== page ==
Understanding Mental Health and the Military

August 19, 2021

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Despite the openness that many in the civilian population feel about sharing challenges relating to their mental health, many in the military community don't experience the same. It's no secret that the military lifestyle is stressful. Challenges often arise in the military community between unknowns about a Service Member's career to stress relating to constant moves. If you or someone you know is experiencing mental health issues, know that help is available for you tailored specifically for the military community. 

You owe it to yourself and your family to stay in good mental health and physical health. Many of the policies relating to mental health have changed in recent years to encourage Service Members and their families to seek help when needed. In addition, the Department of Defense (DoD) recognizes that untreated mental health conditions pose a more significant safety threat than conditions left untreated. For specific DoD guidance, please visit the Psychological Health Center of Excellence. There you will find DoD policy guidance along with screening processes and service-specific advice. 

According to the Blue Star Families' 2020 survey, 16% of active duty service members would like to receive mental health care but don't, either because they're afraid of career reprisals or unsure how to access care. 

One in three active duty service members doesn't seek help because they think it will harm their career. 

The National Alliance on Mental Illness reports that nearly 1 in four active duty service members show signs of a mental health condition. 

Mental Health First Aid, a division of the National Council for Mental Wellbeing, reports that at the height of the War on Terror, thirty percent of active duty and reserve military personnel deployed in Iraq and Afghanistan has a mental health con­dition requiring treatment. That's approximately 730,000 men and women, many of whom experienced post-trau­matic stress disorder and major depression after redeploying. 

Less than 50 percent of veterans returning from combat receive mental health treatment because they are concerned about the stigma surrounding seeking mental health treatment and their careers. 

Mental Health and Your Privacy

According to DoD policy, asking for help or talking to your doctor about your mental health concerns cannot be held against you for career advancement. Even if your doctor needs to disclose your condition, your career is not at risk from disclosure.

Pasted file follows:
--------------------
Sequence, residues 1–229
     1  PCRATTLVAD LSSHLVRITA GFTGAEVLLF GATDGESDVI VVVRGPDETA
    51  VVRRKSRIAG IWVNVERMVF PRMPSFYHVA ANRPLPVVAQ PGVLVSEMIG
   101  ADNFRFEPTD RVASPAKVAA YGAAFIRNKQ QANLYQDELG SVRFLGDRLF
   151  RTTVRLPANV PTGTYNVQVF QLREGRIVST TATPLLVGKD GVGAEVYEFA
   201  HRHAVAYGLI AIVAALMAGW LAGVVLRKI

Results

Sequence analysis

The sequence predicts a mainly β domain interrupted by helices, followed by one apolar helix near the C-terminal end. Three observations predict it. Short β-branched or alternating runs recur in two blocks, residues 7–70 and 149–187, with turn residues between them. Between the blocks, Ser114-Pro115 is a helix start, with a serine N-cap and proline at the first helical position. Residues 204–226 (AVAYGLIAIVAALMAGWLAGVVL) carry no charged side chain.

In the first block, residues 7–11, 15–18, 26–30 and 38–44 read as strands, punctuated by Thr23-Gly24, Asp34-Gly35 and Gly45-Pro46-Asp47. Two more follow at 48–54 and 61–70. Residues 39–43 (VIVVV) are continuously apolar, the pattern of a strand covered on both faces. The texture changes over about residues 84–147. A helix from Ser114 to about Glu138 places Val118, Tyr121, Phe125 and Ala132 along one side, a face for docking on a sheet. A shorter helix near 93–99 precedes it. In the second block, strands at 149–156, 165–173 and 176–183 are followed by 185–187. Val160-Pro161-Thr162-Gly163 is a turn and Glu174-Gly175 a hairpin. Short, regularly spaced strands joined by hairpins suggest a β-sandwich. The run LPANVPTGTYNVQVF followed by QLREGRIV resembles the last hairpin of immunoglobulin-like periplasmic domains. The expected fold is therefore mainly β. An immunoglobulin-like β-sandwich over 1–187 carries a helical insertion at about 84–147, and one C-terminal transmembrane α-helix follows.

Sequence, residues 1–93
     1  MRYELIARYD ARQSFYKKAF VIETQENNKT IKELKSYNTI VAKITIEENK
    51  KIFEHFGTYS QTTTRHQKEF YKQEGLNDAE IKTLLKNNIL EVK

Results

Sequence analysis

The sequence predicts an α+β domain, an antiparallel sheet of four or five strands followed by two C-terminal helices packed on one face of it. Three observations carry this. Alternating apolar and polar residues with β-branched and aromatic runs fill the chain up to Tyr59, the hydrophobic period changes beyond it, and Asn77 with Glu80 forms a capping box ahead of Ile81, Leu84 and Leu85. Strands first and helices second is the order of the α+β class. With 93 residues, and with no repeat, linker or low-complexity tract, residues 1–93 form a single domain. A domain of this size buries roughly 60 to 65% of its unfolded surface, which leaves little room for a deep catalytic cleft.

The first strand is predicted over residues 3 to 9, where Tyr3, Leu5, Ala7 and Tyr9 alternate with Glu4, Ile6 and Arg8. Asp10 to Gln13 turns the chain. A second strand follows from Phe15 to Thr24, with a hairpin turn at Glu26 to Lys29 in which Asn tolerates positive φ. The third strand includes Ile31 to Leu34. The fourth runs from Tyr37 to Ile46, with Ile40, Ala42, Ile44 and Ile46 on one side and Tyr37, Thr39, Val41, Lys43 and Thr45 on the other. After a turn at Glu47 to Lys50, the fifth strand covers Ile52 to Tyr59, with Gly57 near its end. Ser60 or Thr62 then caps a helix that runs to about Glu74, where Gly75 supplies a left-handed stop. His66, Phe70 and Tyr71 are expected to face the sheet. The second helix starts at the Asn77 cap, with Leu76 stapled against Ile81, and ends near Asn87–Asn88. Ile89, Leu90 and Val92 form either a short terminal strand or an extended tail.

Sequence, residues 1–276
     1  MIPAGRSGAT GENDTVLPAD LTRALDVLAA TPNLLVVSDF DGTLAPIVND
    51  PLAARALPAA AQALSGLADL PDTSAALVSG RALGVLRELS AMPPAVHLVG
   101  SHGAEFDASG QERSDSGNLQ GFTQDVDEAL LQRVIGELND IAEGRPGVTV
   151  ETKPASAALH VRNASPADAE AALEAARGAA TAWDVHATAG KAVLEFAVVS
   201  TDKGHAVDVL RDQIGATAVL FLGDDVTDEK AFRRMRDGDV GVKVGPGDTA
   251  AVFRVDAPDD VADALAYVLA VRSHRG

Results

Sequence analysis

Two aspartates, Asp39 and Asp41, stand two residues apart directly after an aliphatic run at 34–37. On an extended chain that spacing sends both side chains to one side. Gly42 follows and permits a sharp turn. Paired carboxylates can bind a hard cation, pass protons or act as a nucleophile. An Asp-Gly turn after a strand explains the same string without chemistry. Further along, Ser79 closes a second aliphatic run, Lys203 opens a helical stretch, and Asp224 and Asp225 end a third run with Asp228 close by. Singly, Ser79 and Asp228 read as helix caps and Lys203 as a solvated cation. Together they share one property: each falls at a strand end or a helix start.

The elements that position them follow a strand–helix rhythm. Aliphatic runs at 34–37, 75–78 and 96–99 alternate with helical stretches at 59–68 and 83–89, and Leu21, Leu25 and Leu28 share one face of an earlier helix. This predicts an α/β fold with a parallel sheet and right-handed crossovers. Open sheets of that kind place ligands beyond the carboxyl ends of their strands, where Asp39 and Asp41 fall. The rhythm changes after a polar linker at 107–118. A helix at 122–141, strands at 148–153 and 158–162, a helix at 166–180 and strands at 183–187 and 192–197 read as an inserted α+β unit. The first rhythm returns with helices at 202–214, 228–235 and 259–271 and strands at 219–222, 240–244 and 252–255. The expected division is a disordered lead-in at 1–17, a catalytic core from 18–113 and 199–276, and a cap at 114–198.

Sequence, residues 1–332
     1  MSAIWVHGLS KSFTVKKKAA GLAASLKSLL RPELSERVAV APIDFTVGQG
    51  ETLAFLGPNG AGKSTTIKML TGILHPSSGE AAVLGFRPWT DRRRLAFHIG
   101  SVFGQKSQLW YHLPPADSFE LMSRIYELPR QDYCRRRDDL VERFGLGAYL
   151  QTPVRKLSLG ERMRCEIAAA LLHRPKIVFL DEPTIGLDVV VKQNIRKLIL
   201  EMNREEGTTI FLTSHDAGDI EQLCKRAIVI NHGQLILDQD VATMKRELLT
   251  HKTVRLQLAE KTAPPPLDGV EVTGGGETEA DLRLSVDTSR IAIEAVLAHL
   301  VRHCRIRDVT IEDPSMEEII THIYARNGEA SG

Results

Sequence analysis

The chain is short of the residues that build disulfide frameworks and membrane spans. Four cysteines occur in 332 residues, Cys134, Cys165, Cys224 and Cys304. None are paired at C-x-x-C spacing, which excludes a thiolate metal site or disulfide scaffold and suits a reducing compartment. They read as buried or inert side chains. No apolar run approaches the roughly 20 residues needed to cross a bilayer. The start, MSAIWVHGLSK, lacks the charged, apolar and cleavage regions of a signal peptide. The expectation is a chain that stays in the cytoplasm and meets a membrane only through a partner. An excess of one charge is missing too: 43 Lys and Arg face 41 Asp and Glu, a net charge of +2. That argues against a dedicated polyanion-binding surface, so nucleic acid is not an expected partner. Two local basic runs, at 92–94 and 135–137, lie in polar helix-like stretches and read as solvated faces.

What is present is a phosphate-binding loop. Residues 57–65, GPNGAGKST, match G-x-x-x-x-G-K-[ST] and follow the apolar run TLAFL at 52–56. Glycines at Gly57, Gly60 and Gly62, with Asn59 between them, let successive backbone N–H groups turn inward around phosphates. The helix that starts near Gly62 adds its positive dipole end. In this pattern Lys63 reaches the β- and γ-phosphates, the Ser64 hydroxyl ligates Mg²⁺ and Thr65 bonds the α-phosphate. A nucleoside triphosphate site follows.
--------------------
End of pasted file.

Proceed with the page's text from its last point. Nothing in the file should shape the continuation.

The DoD follows the privacy guidelines set by HIPAA and the Privacy Act. These guidelines ensure the privacy of all of your health records, including any treatment relating to mental health. However, if your doctor discovers that your mental health condition might cause you to endanger yourself or others, they are obligated to disclose your condition to your chain of command.

If your commander or supervisor observes behavior that appears to compromise your safety or job performance, they can request a command-mandated behavioral health evaluation. However, this evaluation doesn't guarantee the same level of confidentiality as when you seek consultation on your own.

Common Mental Health Concerns

There are three most common mental health concerns for members of the military and their families. These include Post-traumatic Stress Disorder (PTSD), depression, and conditions relating to a Traumatic Brain Injury (TBI). Understanding how each of these conditions might manifest in your life is the first step to identifying them and then getting help. 

Posttraumatic Stress Disorder (PTSD): PTSD is a common mental health condition among members of the military, veterans, and military families. Traumatic events, such as military combat, assault, disasters, or sexual assault, can have long-lasting negative effects such as trouble sleeping, anger, nightmares, and alcohol and drug abuse. When these troubles don't go away, it could be PTSD. The rate of PTSD is 15 times higher for military members than civilians.

Depression. Along with PTSD, depression commonly occurs after traumatic events. It's often characterized by a low mood that lasts for more than a few days. Depression doesn't mean you are weak, nor is it something that you can simply "just get over." On the contrary, depression interferes with daily life and normal functioning and may require treatment. For example, a 2014 Journal of American Medical Association study found the rate of depression to be five times higher for members of the military community than that of civilians.

Traumatic Brain Injury (TBI). A traumatic brain injury is usually the result of a significant blow to the head or body, generally experienced after deployment. For example, one in five service members deployed in support of the War on Terror has experienced a TBI. A TBI occurs when the brain is hit with an outside force, either from an explosion or an injury from assault. It causes brain function to be temporarily impaired or altered. Symptoms can include headaches, fatigue or drowsiness, memory problems, mood changes, and mood swings. However, there are no outward physical signs of a TBI, which is why it's often referred to as an invisible wound. 

If you or a loved one is exhibiting signs of a mental health issue, don’t delay in seeking treatment. Explore our list of resources available to service members and military families here

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